When the Music’s Over…Decline of the Record Industry

Michael Jackson’s death reminded me of the crucial role his mega album Thriller played in saving the recording industry in the 1980s.  Only no one knew at the time that Thriller only delivered a musical Prague Spring, postponing the inevitable decline of a once powerful and very profitable industry.

Appetite for Self-Destruction, delivers an excellent study in how new technologies can disrupt traditional industries and how management hubris can blind them to effectively respond. The author, Steve Knopper, convincingly and breezily documents the decline of the music industry from the golden age of the CD through the rapid adoption of illegal file sharing and digital downloads to where we are today:  Big Music on life support.

It is now cliché that traditionally-minded executives in static markets rarely “get” technology making them vulnerable to disruptive technologies and business models like Napster, Craigslist and iTunes.  This may be true but the real lessons are more subtle than that.  Knopper points out that many executives did get “it” and substantially funded new digital investments and considered strategic links with the likes of Apple.  Furthermore, in the early stages of the digital revolutions, Big Music launched competing models to iTunes and Napster. Finally, some of the most impressive technology talent around in the 1990s was in the music business so there was no lack of great minds about.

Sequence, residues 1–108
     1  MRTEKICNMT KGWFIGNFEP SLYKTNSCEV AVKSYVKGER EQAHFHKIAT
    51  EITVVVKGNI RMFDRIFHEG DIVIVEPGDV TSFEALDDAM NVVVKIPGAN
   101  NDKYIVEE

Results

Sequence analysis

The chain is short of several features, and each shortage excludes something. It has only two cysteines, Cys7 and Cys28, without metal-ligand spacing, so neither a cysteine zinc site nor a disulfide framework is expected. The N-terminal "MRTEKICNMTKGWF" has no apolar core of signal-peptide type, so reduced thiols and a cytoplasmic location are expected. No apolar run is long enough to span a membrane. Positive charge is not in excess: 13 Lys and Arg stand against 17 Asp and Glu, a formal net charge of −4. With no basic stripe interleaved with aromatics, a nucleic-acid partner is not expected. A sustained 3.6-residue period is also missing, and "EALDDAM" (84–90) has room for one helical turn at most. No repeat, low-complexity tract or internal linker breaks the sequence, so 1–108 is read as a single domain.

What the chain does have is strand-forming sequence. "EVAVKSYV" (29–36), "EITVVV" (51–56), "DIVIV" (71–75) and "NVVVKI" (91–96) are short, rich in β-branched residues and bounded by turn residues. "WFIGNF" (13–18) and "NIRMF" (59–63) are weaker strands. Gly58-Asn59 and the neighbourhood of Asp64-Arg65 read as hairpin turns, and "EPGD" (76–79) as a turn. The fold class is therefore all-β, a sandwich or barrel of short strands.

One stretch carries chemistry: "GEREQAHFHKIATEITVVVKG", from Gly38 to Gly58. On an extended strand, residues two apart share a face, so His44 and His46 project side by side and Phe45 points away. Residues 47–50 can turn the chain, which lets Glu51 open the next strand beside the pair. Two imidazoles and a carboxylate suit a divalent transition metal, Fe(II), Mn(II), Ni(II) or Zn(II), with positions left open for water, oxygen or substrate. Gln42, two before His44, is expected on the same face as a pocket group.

So why did seemingly good intentions, early market entry and significant investment not translate into winning execution? Likely, many recording executives fell victim to a lethal combination of rich compensation incentives and career risk, if they did not meet aggressive corporate goals. In other cases, an industry drunk on 30 years of success would find it very difficult to rapidly evolve its strategy, business model and culture in the face of threats by twenty-something year old dot commers and while still continuing to bank significant profit.   More prosaically, some failure could be attributed to a weak understanding of emerging customer needs and poor product development.  Regardless, until corporations learn how to build in the capability and impetus to change as well as figure out how to design compensation plans and goals to balance short and long term needs, Appetite for Destruction will be repeated in other industries.

For more information on our services and work, please visit us at www.quantaconsulting.com


No comments yet

Leave a Reply

Fill in your details below or click an icon to log in:

WordPress.com Logo

You are commenting using your WordPress.com account. Log Out / Change )

Twitter picture

You are commenting using your Twitter account. Log Out / Change )

Facebook photo

You are commenting using your Facebook account. Log Out / Change )

Google+ photo

You are commenting using your Google+ account. Log Out / Change )

Connecting to %s

%d bloggers like this: